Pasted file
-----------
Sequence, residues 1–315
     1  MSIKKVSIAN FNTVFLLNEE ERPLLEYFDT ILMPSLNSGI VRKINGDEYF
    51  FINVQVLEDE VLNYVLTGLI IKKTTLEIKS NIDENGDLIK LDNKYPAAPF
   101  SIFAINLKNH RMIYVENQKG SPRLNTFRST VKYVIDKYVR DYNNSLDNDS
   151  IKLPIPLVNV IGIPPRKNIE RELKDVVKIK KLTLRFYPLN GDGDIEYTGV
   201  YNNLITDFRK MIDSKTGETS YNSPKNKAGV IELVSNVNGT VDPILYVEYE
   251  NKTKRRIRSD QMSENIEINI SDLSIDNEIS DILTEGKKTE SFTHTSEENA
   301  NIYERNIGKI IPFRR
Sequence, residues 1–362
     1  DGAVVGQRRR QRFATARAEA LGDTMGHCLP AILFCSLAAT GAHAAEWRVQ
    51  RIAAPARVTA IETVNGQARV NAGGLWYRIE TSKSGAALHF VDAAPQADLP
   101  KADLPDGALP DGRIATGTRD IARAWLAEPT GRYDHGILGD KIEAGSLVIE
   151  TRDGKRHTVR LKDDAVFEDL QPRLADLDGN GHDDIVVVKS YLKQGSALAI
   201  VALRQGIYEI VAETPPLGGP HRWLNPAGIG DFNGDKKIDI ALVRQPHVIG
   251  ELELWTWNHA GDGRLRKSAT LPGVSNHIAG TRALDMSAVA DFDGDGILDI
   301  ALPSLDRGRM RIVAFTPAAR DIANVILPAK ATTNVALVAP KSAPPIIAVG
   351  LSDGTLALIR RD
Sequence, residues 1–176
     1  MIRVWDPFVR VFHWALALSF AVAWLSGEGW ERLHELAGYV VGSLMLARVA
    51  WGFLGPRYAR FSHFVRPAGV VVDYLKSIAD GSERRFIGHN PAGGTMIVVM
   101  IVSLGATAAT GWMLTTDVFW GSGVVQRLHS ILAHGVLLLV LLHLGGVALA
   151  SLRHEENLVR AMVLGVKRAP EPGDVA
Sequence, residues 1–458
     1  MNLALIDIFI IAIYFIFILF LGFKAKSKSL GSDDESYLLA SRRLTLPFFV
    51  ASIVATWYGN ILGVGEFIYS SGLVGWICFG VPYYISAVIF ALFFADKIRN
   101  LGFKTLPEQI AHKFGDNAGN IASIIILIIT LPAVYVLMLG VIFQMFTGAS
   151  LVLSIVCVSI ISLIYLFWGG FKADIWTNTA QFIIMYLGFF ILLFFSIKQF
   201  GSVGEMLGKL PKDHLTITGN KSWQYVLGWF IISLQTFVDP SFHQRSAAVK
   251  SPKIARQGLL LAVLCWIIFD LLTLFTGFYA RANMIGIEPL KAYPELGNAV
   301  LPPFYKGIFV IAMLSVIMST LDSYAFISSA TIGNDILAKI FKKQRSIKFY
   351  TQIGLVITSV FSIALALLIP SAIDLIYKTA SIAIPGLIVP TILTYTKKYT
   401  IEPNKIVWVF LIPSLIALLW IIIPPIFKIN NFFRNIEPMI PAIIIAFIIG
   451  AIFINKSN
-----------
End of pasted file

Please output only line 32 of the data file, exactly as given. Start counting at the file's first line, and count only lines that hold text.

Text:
   401  IEPNKIVWVF LIPSLIALLW IIIPPIFKIN NFFRNIEPMI PAIIIAFIIG